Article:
Every minute of the day, we have wastewater that goes down toilets and drains in our homes, schools and factories which ends up in water treatment plants. A waste water treatment plant is a plant where contaminants from waste water are removed before it is released to local water sheds. The process used by wastewater treatment plant is similar to how wetlands, streams and lakes naturally purify water. The processes used to purify the water produces solid material called bio solids, which is used by farmers as fertilizer.
Once the wastewater leaves a house, school or any other institution or place it ends up in the sewer system. The sewer system is made up of several thousand miles of sewer pipes that carry the water to a pumping station. These pumping stations then transport the wastewater to the wastewater treatment plant.
Once the wastewater reaches the plant, the wastewater treatment process starts. The first process in the primary treatment stage is called influent. The incoming of water is called the influent. Here, every drop of water passes through fine screens. This removes rags and other large material such as: paper towels, feminine hygiene products and flushable wipes. Then the water goes to the Grit Chambers. Now here, we know that wastewater is nothing but 99.9% water. Therefore, a vortex action is used in the grit chambers to allow sand, gravel, and other inorganic solids to accumulate in the bottom of the Grit Chamber Tanks.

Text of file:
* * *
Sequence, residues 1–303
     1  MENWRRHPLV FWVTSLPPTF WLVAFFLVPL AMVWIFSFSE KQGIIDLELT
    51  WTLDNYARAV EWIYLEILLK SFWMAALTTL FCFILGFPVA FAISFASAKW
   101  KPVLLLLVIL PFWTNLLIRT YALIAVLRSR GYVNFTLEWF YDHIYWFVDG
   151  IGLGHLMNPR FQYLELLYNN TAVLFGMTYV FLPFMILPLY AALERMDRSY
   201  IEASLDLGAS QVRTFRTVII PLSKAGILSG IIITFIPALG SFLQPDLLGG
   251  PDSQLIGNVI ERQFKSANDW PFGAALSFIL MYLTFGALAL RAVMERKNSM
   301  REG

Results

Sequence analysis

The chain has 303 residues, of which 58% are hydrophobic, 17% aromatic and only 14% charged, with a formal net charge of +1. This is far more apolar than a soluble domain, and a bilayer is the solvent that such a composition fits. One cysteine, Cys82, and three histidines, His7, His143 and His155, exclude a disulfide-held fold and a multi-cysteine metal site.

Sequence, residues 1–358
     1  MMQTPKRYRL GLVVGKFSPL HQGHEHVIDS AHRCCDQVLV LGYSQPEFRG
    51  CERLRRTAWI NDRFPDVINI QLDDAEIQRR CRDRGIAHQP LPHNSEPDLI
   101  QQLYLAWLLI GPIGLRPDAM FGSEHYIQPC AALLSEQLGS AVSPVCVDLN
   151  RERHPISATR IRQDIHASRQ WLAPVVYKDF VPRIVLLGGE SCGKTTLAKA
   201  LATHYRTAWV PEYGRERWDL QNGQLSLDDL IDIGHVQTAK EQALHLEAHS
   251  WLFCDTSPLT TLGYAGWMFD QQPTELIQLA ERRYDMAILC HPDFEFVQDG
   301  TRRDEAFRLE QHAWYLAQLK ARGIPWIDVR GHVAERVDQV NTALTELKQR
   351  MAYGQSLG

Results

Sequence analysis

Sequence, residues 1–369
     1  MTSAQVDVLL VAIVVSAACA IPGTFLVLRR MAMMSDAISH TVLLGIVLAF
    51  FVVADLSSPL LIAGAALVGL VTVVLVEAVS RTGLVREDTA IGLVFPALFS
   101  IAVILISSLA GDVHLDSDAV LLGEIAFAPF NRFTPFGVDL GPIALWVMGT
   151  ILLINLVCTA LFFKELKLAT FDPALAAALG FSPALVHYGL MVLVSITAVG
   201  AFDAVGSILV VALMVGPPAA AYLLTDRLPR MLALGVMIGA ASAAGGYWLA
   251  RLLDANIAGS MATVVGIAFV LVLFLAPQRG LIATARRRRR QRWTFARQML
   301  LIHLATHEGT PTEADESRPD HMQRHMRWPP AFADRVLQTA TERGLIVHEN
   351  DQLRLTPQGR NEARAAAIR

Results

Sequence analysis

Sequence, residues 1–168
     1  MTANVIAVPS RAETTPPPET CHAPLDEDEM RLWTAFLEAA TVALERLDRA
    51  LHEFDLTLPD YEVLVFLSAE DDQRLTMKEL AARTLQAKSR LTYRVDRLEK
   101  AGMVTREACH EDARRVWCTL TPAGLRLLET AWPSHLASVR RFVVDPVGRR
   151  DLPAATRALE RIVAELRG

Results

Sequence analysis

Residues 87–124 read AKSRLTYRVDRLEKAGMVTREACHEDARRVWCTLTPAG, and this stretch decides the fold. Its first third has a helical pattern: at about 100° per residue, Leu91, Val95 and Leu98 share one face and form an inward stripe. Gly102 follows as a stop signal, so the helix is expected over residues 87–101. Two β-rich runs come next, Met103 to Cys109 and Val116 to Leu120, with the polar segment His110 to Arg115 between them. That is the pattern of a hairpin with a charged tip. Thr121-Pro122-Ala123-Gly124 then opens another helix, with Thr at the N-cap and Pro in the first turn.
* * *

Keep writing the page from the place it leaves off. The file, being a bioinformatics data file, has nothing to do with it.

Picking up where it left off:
The next stop for this wastewater is primary settling tank. These primary tanks, are also referred to as sedimentation tanks, they are slowed down to allow heavier solids to settle to the bottom of the tanks. The settled solids are called primary sludge. Here the primary treatment ends and the water goes to secondary treatment.
In secondary treatment process, the wastewater goes to aeration tank. Here, the biological treatment begins. Air is pumped into large mixing tanks that mix the wastewater with bacteria and microorganisms that will consume the organic matter and nutrients that contaminate the water as food. The next stop are those final clarifying tanks. Here in these finds you might even find ducks, geese and other birds.
The aerated wastewater with the bacteria and microorganisms, called “mixed liquor”, flows to the final clarifying tanks. This four hour process allows the microorganisms to be separated from the clean water by settling to the bottom of the tanks. Ninety percent of these microorganisms are sent back to the aeration tank to clean more water. The other ten percent of the microorganisms are pumped to the solids handling process to be made into fertilizer. The water finally leaves the final clarifiers completing the secondary treatment.
The next and final step of the wastewater treatment is called effluent where it passes through UV Light Chambers or let’s say disinfection chambers designed to kill disease-causing bacteria with ultraviolet light. The treated wastewater finally returns back to the environment where the recycling process can begin all over again.
We need to remember that earth has a limited amount of water. Through the water cycle, Earth naturally cleans dirty water so that water can be used by plants, animals, and humans. Therefore, it is very important that we protect this natural resource!